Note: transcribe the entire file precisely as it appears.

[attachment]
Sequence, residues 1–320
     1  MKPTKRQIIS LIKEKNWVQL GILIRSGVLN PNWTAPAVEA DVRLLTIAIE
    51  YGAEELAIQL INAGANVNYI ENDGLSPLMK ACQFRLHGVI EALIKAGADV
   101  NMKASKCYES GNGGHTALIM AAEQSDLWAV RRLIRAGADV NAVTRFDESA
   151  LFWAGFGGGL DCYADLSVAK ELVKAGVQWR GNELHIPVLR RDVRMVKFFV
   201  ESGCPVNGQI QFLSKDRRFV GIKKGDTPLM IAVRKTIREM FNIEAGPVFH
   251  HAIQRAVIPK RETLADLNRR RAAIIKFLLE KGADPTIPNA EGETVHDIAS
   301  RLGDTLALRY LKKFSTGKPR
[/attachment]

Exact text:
Sequence, residues 1–320
     1  MKPTKRQIIS LIKEKNWVQL GILIRSGVLN PNWTAPAVEA DVRLLTIAIE
    51  YGAEELAIQL INAGANVNYI ENDGLSPLMK ACQFRLHGVI EALIKAGADV
   101  NMKASKCYES GNGGHTALIM AAEQSDLWAV RRLIRAGADV NAVTRFDESA
   151  LFWAGFGGGL DCYADLSVAK ELVKAGVQWR GNELHIPVLR RDVRMVKFFV
   201  ESGCPVNGQI QFLSKDRRFV GIKKGDTPLM IAVRKTIREM FNIEAGPVFH
   251  HAIQRAVIPK RETLADLNRR RAAIIKFLLE KGADPTIPNA EGETVHDIAS
   301  RLGDTLALRY LKKFSTGKPR